German Shepherds Forum banner

Status
Not open for further replies.
21 - 27 of 27 Posts

·
Registered
Joined
·
519 Posts
I have 2 gsds and a apbt and things are great here. The biggest issue I have is the fear that if a fight broke out I won't be able to stop it. Sweetie (the apbt, she came with the name lol) is a rescue, I adopted her when she was about 2 years old and was extremely animal aggressive, and would NOT let go of a toy if her life depended on it. It took a lot of work but she's a true sweetie now. She has an immediate response to 'aus' meaning drop it. That was my primary goal with her.
I have had a few issues of the shepherds starting tiffs with her, and she will fight back but will stop the moment I say 'aus'. They compliment each other nicely, the gsds like to do a lot of bouncing and body slamming and she takes it really well. Nothing fazes her. I feed them all together in the kitchen and there is zero issues with resource guarding. Toys are available to every one, as are bones.
I do not let her play tug o war with the other dogs, as things could escalate quickly I think. I also do not leave them alone unsupervised (which you shouldn't do with an apbt and another animal anyways). I have one crate in the livingroom and they all share it, sometimes more than one dog in the crate at a time. I have worked really hard to get to this point with my dogs. I also have a border collie x and everyone except for the youngest gsd are rescues that came with baggage.
 

·
Registered
Joined
·
1 Posts
I have no personal experience with those 2 particular breeds but I do have a theory. Depending on the age of the new dog I believe that it could work with the proper meet and greet and socialization. I would definitely recommend crates for the two dogs where they each have a "safe zone" to retreat to. My two dogs are not the same breeds but they are both extremely bull headed. I'm blessed that they got to know each other in a good environment. Apparently the other day (I didn't see it but hubby told me) the rat terrier grabbed hold of Gunther's side and held on as he ran through the yard. If things hadn't been done to socialize correctly this could have ended in horrible things I don't want to imagine for both dogs. The terrier is 6 years old, shows no signs of submission and yet no signs of dominance. Again I know this is no comparison in breeds but the same personalities apply. It comes down to proper socialization. Hope this rambling helps a little.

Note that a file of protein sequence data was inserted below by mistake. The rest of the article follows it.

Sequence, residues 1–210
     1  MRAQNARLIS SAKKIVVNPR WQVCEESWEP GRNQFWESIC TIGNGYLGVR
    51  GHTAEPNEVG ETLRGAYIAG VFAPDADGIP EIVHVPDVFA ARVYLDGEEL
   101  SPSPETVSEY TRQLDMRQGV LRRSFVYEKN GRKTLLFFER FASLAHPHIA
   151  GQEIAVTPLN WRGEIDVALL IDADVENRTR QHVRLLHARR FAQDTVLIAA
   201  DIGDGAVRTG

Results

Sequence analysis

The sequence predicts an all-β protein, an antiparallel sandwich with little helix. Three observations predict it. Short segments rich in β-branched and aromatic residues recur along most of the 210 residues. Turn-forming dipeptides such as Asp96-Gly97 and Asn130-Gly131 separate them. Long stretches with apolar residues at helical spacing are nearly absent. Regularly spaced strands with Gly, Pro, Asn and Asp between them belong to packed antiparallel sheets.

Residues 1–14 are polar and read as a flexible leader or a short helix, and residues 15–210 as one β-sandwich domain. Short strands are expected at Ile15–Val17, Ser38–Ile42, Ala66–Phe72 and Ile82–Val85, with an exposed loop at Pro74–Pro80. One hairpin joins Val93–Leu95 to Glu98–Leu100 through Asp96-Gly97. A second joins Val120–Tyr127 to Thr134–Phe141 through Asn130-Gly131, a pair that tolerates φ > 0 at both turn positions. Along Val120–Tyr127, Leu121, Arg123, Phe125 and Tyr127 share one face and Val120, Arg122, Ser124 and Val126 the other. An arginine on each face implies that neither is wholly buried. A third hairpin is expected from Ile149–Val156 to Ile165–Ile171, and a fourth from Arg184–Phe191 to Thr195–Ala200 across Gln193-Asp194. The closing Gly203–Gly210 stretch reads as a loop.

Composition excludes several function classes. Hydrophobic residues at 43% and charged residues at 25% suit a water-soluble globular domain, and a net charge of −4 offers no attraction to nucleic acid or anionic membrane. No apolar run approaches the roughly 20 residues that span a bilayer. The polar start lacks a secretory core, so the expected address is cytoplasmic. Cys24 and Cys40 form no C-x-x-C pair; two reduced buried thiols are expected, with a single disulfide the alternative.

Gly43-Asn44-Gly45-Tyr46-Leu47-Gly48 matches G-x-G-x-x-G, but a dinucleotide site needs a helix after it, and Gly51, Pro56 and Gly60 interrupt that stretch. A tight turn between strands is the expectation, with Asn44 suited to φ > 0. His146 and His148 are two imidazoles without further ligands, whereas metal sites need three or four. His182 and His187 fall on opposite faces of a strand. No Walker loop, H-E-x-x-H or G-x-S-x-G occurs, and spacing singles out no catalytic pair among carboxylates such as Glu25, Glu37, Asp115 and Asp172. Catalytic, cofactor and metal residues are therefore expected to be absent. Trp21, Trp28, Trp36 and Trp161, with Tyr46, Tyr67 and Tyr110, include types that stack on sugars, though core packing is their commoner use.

I am having 2 pitbulls and 1 lab and 1 gsd, not a problem at all.. you just need to get female Pitt if you are not sure because male pitbulls are agressive toward male dogs and female pitbulls are more agressive towards female dogs..
And your Gsd male is neutered anyways right? So no problem of crossbreeding at all..
 

·
Super Moderator
Joined
·
4,849 Posts
And the rules on the board say that this (P.B.) is The Breed That Must Not Be Mentioned, due to the nasty debates that seem to crop up every time it is mentioned.
very true but it is the topic of this thread. We can let this post stand so long as they realize that the O.P. is from many years ago. If it takes a turn it will be stopped immediately.
 

·
Registered
Joined
·
191 Posts
We had a pit for almost 16 years. When he got older he couldn't keep up with his watch dog duties and it frustrated him. Seeing him struggle was difficult. We adopted a shepherd as a companion who was happy to take over those duties. He slept right next to the pit between him and the door. They got along great. Temperment wise the two breeds are very similar. Both are very intelligent and somewhat aloof. Try meeting first on neutral ground and see how it goes. Every dog has it's own personality. Both are very muscular and determined but if you can handle one, you can probably handle the other.
 

·
Registered
Joined
·
46 Posts
Pits can be lovely dogs. Sad thing is so many of them are so poorly bred and treated that they end up all kinds of weird.

like GSDs, they can also be predisposed towards dog aggression. Pits can go from 0-60 in a split second with no warning, and some of their tells look more like they’re about to play than attack (their tail usually wags a ton when they’re in attack mode, for instance). They are also incredibly fast and strong.

be cautious adopting a young pit; they’re pretty famous to seemingly suddenly turn dog or people aggressive right around a year or two old during their teenage phase.

Real shame about a lot of them because I’ve met some amazing friendly and lovely pits.
 
21 - 27 of 27 Posts
Status
Not open for further replies.
Top